The Dance of the Daring Automobiles


I am a public transportation advocate, and have little patience for foolhardly plans to just add roads to our network, regardless of harm to the environment, or the availability of more efficient means of transportation.

But I am not a public transportation fanatic, or at least I’m not such a fanatic that I can’t see the benefits of certain road projects.

In Kitchener, I’ve been watching the construction of a new flyover on the Highway 7/Highway 8 interchange in the south part of the city. It’s a project that has been a long time in coming, and which I wholeheartedly support.

Long before work began on the new flyover, the Highway 7/Highway 8 interchange was a safety hazard. Built on the cheap, the two roads meet perpendicularly in a small space. Cloverleafs guide northbound Highway 8 passengers onto the upper, westbound road. Those on the upper, westbound road, themselves hop onto a cloverleaf which swings them around onto the lower, southbound road.

You may or may not be picturing this in your mind already, but what this arrangement means is that the westbound onramp merges onto the road about 75-100 metres away from the westbound offramp. There is 100 metres of common lane where cars, driving off the onramp at 40 km/h, must change lanes with cars and trucks going at highway speeds, some either heading westbound, or having to go onto the southbound offramp, where they themselves have to slow rapidly to 40 km/h.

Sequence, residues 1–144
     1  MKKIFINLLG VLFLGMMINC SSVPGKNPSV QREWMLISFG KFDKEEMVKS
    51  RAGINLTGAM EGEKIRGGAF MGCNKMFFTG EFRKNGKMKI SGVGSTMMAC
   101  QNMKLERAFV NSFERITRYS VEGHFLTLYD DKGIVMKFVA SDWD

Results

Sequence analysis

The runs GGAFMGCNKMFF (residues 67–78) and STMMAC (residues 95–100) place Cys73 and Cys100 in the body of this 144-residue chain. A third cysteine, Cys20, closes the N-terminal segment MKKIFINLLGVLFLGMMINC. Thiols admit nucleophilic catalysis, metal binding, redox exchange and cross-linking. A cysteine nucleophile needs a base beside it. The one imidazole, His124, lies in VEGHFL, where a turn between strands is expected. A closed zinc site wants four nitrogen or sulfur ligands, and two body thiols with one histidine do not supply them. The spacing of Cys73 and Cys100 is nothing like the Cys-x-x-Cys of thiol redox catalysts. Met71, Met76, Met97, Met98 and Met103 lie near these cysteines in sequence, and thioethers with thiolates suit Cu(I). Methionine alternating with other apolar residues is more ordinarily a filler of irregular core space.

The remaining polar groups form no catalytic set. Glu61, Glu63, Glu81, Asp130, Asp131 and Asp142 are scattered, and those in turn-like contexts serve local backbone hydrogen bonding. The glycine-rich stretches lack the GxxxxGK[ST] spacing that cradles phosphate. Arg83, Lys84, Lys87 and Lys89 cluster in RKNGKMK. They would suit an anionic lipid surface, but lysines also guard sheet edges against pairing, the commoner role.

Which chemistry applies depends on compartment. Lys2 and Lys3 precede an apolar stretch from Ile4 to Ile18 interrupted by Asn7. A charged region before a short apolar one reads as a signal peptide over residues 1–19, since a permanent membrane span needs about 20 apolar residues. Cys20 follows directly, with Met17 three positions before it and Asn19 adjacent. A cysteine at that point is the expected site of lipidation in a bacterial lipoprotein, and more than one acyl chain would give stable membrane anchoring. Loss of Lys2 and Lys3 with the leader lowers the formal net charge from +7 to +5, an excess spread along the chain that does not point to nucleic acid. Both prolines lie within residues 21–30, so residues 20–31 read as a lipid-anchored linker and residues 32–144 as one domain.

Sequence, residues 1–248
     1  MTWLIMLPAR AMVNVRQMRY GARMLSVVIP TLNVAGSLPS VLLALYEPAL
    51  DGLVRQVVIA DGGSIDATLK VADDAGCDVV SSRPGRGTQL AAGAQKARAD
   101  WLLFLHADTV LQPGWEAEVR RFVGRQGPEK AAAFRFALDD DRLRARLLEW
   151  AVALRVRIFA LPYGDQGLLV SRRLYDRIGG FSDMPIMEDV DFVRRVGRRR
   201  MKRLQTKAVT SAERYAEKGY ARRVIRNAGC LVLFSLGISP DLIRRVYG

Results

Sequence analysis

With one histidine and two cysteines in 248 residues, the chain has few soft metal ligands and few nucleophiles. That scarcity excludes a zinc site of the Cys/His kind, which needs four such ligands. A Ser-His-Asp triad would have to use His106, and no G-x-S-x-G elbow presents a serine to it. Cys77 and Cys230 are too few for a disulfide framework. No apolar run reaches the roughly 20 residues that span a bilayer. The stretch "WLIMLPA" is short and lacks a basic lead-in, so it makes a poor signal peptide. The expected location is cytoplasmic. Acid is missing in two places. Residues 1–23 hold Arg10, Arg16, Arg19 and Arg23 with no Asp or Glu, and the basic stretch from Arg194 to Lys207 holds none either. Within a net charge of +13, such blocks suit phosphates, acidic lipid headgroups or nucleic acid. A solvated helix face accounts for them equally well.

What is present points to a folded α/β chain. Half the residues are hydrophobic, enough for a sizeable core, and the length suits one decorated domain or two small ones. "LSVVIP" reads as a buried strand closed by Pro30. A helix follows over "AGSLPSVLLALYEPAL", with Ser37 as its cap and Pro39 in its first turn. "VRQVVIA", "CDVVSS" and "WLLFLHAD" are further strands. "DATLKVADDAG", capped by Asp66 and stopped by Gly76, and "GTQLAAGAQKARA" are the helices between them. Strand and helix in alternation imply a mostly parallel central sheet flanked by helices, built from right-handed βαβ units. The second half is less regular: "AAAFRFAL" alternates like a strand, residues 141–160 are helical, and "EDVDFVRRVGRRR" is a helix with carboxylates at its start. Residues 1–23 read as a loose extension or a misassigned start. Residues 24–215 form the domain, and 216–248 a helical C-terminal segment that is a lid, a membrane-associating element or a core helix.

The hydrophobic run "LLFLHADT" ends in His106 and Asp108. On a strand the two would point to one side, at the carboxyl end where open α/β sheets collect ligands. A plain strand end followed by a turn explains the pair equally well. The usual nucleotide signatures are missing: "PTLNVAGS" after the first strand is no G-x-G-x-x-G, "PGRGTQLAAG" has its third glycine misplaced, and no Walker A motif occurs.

That there haven’t been more accidents at this site is something of a miracle. Even when the traffic moves well, what results is a complicated dance between through traffic, onramp traffic and offramp traffic, as pairs of cars swap lanes, others slow to merge, and everyone gets a case of the white knuckles.

The flyover corrects this by having the southbound drivers head onto a flyover before the spot where the westbound drivers merge onto the road. The flyover rises at least four storeys into the air, crosses an arterial road, the elevated highway, and two lanes of the ground highway, before settling down and finally merging with the southbound traffic. The result is not only a safer interchange, but a bottleneck removed.

It is also an impressive engineering feat. The fact that construction has taken over two years, so far, illustrates the complexities of building something this massive over two working highways. Even incomplete, it’s a massive structure, rising high over an otherwise open area.

There is not much point to this article, other than to say that there are projects out there, which are needed, and which make even the most cynical stare in awe.

I’ll get a proper picture someday…

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